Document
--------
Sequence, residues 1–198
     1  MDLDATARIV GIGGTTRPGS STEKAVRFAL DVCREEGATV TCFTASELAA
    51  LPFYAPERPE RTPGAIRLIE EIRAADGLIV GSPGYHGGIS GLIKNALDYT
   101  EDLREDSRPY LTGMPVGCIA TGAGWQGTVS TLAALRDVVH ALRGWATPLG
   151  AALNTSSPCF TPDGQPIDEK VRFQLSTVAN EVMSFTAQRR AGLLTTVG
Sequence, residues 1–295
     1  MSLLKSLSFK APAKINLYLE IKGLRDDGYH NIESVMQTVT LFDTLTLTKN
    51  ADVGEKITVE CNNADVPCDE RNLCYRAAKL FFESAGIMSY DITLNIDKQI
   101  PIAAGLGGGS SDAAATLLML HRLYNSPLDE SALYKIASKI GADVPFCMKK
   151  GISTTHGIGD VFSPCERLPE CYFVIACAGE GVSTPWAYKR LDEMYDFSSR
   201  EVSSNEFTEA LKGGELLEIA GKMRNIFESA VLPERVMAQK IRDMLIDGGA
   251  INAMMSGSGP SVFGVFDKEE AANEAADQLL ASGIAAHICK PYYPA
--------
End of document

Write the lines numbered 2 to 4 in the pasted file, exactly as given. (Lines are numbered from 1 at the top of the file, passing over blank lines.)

     1  MDLDATARIV GIGGTTRPGS STEKAVRFAL DVCREEGATV TCFTASELAA
    51  LPFYAPERPE RTPGAIRLIE EIRAADGLIV GSPGYHGGIS GLIKNALDYT
   101  EDLREDSRPY LTGMPVGCIA TGAGWQGTVS TLAALRDVVH ALRGWATPLG